Joey Lawrence gets a “paper cut” on his cornea

Actor Joey Lawrence apparently got an eyeful Wednesday while rehearsing with Melissa Joan Hart for their ABC Family show, Melissa and Joey. While leaning over to hug Hart, Lawrence got poked in the eye with the script, “ripping” his cornea. He sent out this tweet on Thursday:

“Hey my tweet peeps. Sorry for being AWOL. I got hit in the eye yesterday mrng by accident in the set and it ripped my cornea. Trying to heal,” Joey tweeted Thursday. “So I can do the show tmrw and be ok! Love you all and I’ll be in touch very soon xoxo.”

Later, he tweeted : “Thank you for all your well wishes my tweeters! I’m in some pain right now but trying to heal quickly… Luv u all ” along with this picture.

The cornea is the eye’s outermost layer. It is the clear, dome-shaped surface that covers the front of the eye.

Because the cornea is as smooth and clear as glass but is strong and durable, it helps the eye in two ways:

  1. It helps to shield the rest of the eye from germs, dust, and other harmful matter. The cornea shares this protective task with the eyelids, the eye socket, tears, and the sclera, or white part of the eye.
  2. The cornea acts as the eye’s outermost lens. It functions like a window that controls and focuses the entry of light into the eye. The cornea contributes between 65-75 percent of the eye’s total focusing power.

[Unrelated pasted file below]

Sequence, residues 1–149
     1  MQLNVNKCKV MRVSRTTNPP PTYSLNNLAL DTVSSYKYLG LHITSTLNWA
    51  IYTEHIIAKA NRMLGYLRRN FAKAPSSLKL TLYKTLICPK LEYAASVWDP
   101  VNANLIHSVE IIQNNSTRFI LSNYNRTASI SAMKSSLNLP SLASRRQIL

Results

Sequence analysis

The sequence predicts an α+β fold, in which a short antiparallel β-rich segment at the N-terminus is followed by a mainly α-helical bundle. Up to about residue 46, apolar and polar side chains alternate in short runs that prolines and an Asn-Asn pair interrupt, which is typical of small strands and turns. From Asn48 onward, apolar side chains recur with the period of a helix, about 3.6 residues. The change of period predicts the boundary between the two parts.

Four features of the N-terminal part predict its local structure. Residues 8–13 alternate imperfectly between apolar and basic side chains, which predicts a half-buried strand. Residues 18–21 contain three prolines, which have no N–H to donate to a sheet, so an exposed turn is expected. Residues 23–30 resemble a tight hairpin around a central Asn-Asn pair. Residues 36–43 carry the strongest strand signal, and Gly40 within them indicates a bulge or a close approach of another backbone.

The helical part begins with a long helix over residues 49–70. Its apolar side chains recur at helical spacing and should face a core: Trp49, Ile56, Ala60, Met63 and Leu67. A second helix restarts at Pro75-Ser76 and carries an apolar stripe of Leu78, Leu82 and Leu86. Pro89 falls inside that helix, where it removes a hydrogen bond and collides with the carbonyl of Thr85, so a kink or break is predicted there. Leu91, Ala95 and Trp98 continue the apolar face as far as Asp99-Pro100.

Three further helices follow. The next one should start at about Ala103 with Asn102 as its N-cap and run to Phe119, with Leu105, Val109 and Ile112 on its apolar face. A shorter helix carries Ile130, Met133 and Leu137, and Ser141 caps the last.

Corneal abrasions are the most common eye injuries and especially prevalent among people who wear contact lenses. Corneal abrasions may be caused by:

  • Something getting into the eye (such as sand or dust)
  • Being poked in the eye
  • Overuse of contact lenses or lenses that don’t fit correctly
  • Exposure to ultraviolet radiation

Corneal abrasions are frequently difficult to see with the naked eye, however, by putting a small amount of a dye called fluoroscein into the eye, and shining a blue light at it, corneal abrasions can be easily seen.

Symptoms of a corneal abrasion include:

  • Abnormal sensitivity to light
  • Blurred vision
  • Eye pain
  • Feeling like something is in your eye
  • Redness of the eye
  • Swollen eyelids
  • Treatment for corneal injuries may involve:

    • Removing any foreign material from the eye
    • Eye patch
    • Antibiotic drops or ointments

    Injuries that affect only the surface of the cornea normally heal very rapidly with treatment, and the eye should be back to normal within 2 days.

    Sources: Medline Plus, National Eye Institute

    Mark Boguski, M.D., Ph.D. is on the faculty of Harvard Medical School and is a member of the Society for Participatory Medicine, "a movement in which networked patients shift from being mere passengers to responsible drivers of their health" and in which professional health care providers encourage "empowered patients" and value them as full partners in managing their health and wellness.

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